“Virtues of Value Investing”
“The Role of Hedge Funds as a Way of Generating Absolute Returns”
-1997
“Active vs. Passive Stock Selection”
 
Capitalizing on Acquisitions, Alliances and Lift-outs. We intend to selectively and opportunistically pursue acquisitions, alliances and lift-outs that will broaden our product offerings and add new sources of distribution.   On October 1, 1999, we completed our alliance with Mathers and Company, Inc. and now act as investment advisor to the GAMCO Mathers Fund, and in May 2000, we added Comstock Partners Funds, Inc., (renamed Comstock Funds, Inc.).  The Mathers and Comstock funds are part of our Non-Market Correlated mutual fund product line.  In November 2002, we completed our alliance with Woodland Partners LLC, a Minneapolis-based investment advisor focused on investing in small capitalization companies.  On March 11, 2008, Gabelli Funds, LLC (“Funds Advisor”) assumed the role of investment advisor to the AXA Enterprise Mergers and Acquisitions Fund, subsequently renamed Gabelli Enterprise Mergers and Acquisitions Fund, a fund that had been sub-advised by GAMCO since the fund’s inception on February 28, 2001.  On August 1, 2010, the clients of Florida-based NMF Asset Management became part of the Institutional and Private Wealth Management operation of GAMCO Asset Management Inc. (“GAMCO Asset”).  On November 2, 2015, the investment team of Dinsmore Capital, a specialist in convertible bond investing and formerly the manager of The Bancroft Fund and the Ellsworth Growth & Income Fund joined Gabelli Funds.

6

We believe that our growth to date is traceable to the following factors:

Strong Industry Fundamentals: According to data compiled by the U.S. Federal Reserve, the investment management industry has grown faster than more traditional segments of the financial services industry, including the banking and insurance industries. Since GBL began managing assets for institutional and private wealth management clients in 1977, world equity markets have grown at a 10.2% compound annual growth rate through December 31, 2015 to approximately $64.6 trillion(a).  The U.S. equity market comprises about $23.5 trillion(a) or roughly 36% of world equity markets.  We believe that demographic trends and the growing role of money managers in the placement of capital compared to the traditional role played by banks and life insurance companies will result in continued growth of the investment management industry.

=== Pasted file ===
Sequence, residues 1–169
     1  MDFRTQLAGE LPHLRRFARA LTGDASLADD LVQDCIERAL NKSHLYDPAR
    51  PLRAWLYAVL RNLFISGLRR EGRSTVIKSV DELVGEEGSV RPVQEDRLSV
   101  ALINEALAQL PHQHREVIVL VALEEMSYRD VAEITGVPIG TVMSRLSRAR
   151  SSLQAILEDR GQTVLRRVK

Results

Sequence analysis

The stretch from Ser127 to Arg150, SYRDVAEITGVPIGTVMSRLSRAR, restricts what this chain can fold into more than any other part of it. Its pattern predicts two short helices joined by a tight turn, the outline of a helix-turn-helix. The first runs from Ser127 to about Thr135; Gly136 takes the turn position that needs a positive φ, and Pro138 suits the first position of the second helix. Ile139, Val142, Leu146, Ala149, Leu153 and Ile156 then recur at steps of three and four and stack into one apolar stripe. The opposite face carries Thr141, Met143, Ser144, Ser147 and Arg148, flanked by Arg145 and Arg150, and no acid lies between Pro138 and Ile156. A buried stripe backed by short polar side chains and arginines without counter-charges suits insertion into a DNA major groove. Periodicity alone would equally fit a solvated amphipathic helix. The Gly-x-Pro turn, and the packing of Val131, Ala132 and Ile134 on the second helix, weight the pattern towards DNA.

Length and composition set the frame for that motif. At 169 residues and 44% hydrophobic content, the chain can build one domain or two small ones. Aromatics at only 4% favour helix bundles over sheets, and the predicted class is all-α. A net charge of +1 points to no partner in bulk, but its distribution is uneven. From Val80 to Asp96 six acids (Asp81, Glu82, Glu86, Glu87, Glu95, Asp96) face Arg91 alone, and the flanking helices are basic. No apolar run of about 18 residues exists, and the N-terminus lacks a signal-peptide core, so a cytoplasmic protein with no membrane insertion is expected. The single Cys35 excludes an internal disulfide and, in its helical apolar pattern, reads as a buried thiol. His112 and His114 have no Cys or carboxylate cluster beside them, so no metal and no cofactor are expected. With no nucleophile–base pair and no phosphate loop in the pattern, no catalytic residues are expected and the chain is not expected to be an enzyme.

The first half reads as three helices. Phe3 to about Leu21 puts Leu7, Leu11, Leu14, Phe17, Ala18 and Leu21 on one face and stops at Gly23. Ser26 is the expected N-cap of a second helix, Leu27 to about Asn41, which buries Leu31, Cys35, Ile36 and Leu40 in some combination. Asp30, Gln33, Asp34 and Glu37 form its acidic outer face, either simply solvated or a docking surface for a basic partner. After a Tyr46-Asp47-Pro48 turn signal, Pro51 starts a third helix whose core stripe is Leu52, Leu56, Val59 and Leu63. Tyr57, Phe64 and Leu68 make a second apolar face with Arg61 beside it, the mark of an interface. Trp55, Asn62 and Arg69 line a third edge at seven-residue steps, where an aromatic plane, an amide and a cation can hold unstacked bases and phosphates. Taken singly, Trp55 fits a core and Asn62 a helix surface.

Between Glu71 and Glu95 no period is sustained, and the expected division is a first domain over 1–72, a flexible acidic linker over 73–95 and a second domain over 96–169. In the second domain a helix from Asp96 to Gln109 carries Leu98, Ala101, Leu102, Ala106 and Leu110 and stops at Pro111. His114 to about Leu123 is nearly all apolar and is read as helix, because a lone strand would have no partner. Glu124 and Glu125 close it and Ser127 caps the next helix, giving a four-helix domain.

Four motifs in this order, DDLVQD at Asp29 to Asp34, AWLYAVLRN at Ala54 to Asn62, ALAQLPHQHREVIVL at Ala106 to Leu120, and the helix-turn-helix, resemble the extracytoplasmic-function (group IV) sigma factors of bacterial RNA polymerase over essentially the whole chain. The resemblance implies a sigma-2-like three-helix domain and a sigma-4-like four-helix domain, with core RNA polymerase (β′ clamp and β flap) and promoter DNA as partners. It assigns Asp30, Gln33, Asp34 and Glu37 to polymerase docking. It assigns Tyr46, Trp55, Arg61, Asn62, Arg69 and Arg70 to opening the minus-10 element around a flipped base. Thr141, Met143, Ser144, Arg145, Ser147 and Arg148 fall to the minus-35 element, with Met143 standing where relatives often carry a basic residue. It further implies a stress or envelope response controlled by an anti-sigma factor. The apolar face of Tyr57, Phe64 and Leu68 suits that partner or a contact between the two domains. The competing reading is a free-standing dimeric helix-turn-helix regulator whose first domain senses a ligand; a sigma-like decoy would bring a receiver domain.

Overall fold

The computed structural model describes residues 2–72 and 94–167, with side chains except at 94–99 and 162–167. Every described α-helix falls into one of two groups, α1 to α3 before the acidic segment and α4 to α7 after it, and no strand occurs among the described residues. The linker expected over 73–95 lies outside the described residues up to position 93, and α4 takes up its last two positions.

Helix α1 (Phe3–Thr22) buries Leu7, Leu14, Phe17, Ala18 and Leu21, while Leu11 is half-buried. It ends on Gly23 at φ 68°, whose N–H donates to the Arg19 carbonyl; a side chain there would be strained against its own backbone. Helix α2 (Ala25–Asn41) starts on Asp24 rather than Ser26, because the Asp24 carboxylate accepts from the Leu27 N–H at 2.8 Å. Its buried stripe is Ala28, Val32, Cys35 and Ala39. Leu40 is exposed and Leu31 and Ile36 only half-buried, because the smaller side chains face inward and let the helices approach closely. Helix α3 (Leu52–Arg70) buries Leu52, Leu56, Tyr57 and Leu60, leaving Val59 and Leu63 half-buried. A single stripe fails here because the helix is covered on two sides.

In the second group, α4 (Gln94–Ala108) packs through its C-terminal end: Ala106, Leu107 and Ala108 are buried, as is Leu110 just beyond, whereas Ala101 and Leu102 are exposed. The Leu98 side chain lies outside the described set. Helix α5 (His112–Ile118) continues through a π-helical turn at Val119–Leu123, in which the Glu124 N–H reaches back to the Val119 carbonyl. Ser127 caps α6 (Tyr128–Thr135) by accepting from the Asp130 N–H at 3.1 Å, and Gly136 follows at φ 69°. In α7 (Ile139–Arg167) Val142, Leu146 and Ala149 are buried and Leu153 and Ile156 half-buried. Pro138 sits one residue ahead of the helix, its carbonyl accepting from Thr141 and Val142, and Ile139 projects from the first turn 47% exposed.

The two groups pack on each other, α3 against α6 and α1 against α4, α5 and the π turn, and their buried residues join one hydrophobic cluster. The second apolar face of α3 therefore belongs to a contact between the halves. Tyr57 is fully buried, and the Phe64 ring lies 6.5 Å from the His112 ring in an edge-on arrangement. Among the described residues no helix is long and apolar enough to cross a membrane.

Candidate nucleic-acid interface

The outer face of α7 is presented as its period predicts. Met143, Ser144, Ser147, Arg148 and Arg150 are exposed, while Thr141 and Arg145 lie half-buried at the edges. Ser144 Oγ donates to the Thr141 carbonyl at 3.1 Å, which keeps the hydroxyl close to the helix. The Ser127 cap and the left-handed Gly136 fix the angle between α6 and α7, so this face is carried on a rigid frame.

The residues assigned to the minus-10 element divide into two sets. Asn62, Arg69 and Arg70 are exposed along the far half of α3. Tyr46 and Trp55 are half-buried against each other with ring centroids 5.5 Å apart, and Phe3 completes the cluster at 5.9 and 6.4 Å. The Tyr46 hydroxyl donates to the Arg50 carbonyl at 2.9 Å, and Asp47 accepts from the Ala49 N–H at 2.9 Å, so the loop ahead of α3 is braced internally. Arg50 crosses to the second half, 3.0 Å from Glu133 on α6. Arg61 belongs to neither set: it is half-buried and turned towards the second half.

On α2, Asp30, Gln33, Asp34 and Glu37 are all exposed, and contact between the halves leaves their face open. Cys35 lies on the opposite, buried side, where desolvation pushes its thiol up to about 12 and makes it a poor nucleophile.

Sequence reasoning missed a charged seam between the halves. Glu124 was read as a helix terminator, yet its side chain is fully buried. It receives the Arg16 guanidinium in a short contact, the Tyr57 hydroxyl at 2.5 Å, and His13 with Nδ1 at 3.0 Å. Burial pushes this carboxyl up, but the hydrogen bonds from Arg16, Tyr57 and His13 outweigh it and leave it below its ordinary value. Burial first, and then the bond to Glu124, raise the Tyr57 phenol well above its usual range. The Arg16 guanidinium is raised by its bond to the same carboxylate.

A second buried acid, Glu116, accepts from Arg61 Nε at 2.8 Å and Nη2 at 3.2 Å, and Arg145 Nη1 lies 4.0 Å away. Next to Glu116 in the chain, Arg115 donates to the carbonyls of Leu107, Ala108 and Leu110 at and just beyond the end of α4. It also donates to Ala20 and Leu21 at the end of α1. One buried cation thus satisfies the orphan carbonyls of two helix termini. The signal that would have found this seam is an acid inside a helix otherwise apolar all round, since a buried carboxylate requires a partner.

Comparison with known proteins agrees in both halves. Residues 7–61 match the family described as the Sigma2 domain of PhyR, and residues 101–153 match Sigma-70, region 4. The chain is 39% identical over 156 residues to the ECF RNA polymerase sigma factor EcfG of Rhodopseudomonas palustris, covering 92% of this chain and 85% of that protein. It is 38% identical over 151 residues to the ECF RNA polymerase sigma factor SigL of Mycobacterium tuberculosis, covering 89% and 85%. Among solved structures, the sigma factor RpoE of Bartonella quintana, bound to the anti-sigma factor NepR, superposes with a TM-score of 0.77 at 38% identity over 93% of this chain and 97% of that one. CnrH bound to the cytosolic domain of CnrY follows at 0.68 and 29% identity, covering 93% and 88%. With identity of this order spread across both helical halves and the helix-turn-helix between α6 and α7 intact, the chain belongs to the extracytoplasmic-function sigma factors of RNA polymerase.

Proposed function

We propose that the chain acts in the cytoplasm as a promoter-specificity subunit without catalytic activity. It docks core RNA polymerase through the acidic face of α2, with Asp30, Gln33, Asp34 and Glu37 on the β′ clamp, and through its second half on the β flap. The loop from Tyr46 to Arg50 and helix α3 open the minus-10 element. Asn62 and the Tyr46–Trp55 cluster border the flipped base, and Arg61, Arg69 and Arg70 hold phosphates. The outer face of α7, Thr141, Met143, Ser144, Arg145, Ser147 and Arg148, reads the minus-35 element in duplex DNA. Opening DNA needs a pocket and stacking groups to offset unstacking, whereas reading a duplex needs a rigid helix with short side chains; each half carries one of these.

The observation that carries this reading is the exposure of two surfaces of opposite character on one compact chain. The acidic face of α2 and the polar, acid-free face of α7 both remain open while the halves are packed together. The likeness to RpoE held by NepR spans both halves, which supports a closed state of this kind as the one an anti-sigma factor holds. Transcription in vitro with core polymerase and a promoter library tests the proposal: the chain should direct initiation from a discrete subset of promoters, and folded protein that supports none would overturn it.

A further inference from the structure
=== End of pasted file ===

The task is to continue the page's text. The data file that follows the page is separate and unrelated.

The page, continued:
Long-Term Performance: We have a superior long-term record of achieving relatively high returns for our Institutional and Private Wealth Management clients.  We believe that our performance record represents a competitive advantage and a recognized component of our franchise.

Stock Market Gains: Since we began managing for institutional and private wealth management clients in 1977, our traditional value-oriented Institutional and Private Wealth Management composite has earned a compound annual return of 16.2% gross and 15.3% net of fees versus a compound annual return of 11.5% for the S&P 500 through December 31, 2015.  For 2015, the GAMCO composite declined 5.5% gross and 6.0% net of fees versus a gain of 1.4% for the S&P 500.

Widely-Recognized “Gabelli” and “GAMCO” Brand Names: For much of our history, our portfolio managers and investment products have been featured in a variety of financial print media, including both U.S. and international publications such as The Wall Street Journal, Financial Times, Money Magazine, Barron's, Fortune, Business Week, Nikkei Financial News, Forbes Magazine, Consumer Reports and Investor's Business Daily.  We also underwrite publications written by our investment professionals, including  Deals…Deals…and More Deals, which examines the history of merger arbitrage and Global Convertible Investing: The Gabelli Way, a comprehensive guide to effective investing in convertible securities.

Diversified Product Offerings: Since the inception of our investment management activities, we have sought to expand the breadth of our product offerings.  We currently offer a wide spectrum of investment products and strategies, including product offerings in U.S. equities, U.S. fixed income, global and international equities, and convertible securities.

Business Description

Our AUM's are clustered in two groups:  Institutional and Private Wealth Management and Funds.